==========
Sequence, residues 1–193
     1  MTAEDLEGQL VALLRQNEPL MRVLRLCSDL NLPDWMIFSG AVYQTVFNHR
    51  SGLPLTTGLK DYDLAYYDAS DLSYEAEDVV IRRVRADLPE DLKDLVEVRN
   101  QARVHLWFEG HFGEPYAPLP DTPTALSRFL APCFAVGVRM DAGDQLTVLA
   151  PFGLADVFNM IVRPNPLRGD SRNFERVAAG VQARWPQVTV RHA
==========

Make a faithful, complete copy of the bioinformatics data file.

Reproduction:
Sequence, residues 1–193
     1  MTAEDLEGQL VALLRQNEPL MRVLRLCSDL NLPDWMIFSG AVYQTVFNHR
    51  SGLPLTTGLK DYDLAYYDAS DLSYEAEDVV IRRVRADLPE DLKDLVEVRN
   101  QARVHLWFEG HFGEPYAPLP DTPTALSRFL APCFAVGVRM DAGDQLTVLA
   151  PFGLADVFNM IVRPNPLRGD SRNFERVAAG VQARWPQVTV RHA